Top 10 Do’s and Don’ts of Obtaining an ECG

If you’ve ever wondered what all those leads and sticky dots were doing when placed over a patient in a hospital or in a film then they were probably having their heart monitored.  And by monitored, they were probably having some form of ECG (Electrocardiogram . . . with a C, for Cardio.  Not EKG, like how the septics spell.  ECG!).

ECG’s are a fantastic system used in lots of hospital and pre-hospital environments to help determine cardiological issues and help us determine the correct course of treatment and outcome for the patient.

They measure the electrical output of the heart and we do this by strategically placing several (10 in the UK) sticky dots attached to leads, over the patient’s chest and limbs.  And, after the patient remains still, we gain a readout from the Lifepak machine that gives us 12 different views of the heart.  This is when we, the clinicians, pretend to know what we’re looking at.

So below, to help anyone who might be in the remote bit interested, I’ve put together a quick Top 10 Do’s and Don’ts of how to ECG . . .

1)
Do . . .

-Gain consent from the patient.
This is quite an intrusive and personal procedure that will probably require elements of exposure.  You will need to explain your procedure and what it entails so that they have ‘informed consent’ to say yes or no.  The same applies with paeds – making sure parents are on hand for the procedure.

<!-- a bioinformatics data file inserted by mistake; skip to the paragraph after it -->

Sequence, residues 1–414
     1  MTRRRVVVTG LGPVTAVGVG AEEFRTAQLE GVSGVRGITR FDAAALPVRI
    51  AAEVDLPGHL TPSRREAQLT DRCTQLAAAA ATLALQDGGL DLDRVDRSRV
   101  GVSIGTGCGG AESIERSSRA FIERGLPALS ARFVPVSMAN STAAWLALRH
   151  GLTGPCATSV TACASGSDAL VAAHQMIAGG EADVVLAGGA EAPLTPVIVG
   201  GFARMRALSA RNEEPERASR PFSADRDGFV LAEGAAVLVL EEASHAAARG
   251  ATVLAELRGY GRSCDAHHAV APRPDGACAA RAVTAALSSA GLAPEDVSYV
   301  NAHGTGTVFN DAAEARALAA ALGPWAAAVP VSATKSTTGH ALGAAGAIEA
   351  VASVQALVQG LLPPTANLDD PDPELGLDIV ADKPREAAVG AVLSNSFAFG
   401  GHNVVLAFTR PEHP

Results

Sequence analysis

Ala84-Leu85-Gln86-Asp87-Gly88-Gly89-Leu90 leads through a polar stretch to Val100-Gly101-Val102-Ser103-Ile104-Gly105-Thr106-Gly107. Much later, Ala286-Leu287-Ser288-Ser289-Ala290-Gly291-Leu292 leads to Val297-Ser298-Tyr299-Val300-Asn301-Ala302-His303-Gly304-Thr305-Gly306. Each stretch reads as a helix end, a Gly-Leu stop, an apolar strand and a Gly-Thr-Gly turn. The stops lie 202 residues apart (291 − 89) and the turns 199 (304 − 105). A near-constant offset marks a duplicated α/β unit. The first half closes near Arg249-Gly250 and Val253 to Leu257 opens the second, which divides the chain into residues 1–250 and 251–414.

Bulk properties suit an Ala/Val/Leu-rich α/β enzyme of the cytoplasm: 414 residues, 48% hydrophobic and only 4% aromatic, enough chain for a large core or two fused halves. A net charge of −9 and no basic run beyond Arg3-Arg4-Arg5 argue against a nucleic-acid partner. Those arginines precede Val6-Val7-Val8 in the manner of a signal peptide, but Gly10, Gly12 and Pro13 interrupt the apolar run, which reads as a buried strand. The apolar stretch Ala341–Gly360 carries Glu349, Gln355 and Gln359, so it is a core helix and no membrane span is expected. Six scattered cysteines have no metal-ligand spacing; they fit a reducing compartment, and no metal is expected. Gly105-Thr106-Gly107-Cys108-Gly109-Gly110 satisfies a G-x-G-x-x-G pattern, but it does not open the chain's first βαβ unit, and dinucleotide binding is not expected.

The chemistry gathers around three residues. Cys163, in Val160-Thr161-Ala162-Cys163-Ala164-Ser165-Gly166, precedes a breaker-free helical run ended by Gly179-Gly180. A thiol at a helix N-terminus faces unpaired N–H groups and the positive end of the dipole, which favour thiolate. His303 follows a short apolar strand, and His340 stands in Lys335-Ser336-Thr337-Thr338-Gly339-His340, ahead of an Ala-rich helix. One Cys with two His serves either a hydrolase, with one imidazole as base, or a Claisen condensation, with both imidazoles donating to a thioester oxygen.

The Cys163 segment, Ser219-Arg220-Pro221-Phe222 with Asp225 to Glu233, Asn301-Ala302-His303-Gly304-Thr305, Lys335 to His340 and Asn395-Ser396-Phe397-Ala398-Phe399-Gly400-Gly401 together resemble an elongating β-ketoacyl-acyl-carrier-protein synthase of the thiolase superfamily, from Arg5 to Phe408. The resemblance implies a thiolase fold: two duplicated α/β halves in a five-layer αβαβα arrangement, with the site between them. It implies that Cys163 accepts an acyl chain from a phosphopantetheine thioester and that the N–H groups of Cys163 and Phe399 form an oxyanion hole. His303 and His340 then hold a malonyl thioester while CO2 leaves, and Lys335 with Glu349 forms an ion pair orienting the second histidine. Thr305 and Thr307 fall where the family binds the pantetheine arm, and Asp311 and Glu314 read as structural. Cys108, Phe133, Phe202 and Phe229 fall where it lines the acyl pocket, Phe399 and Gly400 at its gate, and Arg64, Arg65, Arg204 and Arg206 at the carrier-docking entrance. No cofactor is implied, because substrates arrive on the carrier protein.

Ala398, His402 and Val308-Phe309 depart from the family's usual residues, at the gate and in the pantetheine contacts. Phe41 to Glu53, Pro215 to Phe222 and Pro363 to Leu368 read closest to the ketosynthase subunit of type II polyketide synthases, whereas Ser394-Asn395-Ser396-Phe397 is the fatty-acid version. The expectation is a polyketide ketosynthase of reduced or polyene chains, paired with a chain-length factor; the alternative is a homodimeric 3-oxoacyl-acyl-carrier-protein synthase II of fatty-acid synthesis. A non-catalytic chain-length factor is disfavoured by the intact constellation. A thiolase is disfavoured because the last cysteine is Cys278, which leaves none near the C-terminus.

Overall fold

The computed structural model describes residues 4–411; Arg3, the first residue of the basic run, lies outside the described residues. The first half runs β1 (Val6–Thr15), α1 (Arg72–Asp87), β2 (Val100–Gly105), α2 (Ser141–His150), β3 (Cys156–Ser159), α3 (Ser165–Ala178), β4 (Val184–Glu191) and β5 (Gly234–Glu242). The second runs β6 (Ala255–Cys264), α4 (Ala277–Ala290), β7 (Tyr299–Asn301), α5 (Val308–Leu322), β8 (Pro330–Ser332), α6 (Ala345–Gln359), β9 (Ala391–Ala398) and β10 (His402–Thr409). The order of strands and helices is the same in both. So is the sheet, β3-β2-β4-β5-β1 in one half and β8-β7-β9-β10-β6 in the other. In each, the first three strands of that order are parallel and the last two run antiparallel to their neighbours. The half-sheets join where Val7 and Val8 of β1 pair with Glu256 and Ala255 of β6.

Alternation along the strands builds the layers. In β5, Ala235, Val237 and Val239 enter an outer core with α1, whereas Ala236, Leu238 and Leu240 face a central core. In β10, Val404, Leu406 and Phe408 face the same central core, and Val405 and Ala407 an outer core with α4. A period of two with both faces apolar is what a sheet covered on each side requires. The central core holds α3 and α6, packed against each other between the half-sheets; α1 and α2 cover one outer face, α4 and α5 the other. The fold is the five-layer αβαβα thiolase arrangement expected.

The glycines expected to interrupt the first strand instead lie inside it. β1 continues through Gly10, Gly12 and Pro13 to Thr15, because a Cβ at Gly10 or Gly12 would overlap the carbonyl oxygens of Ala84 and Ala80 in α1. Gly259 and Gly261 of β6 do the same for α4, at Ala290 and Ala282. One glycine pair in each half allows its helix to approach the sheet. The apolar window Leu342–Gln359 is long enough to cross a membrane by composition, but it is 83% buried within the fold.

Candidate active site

-Also, if there is gender difference, you will need to gain extra consent that this is ok – possibly giving the patient an opportunity for a female to perform the procedure of for one to act as ‘chaperone’.

Do not . . .
-Just whip up the patient’s top and start playing with their bra.
-Start slapping ECG dots over the patient’s body and moving body parts as if they are a rag doll.
Such simple disregard will probably result in a) slap, punch, kick, bite, spit, headlock, choking, and b) suspension, disciplinary, law suit, and possible striking off the register.

2)
Do . . .
-Tell the patient what you are doing and keep them informed as you go along.  It’s all very well to get consent to do the procedure but every time you go to expose or touch the patient in private areas, then they need to be informed and consensual.  This means almost every move has to be told to the patient.  This also makes everything heard by those around and will come across a lot more professional than if you don’t.

Do not . . .
-Suddenly lunge at the patient and start ripping at the leads and dots to get them off.
-Make a grab at their breasts and start moving them around whilst having a nonchalant conversation about break times with your crew mate.
-Start shaving the hairs off the patient’s chest whilst whistling inane tunes
-Keep the parents of paeds outside and telling them, “we’ll be done in a minute luv”
All of these and any similars are generally deemed as assault and will see you sacked and in court.

3)
Do . . .

-Keep the patient’s dignity as best you can ie keep them covered whenever you can
Remember, this is a personal examination and all efforts in affording the patient their dignity should given.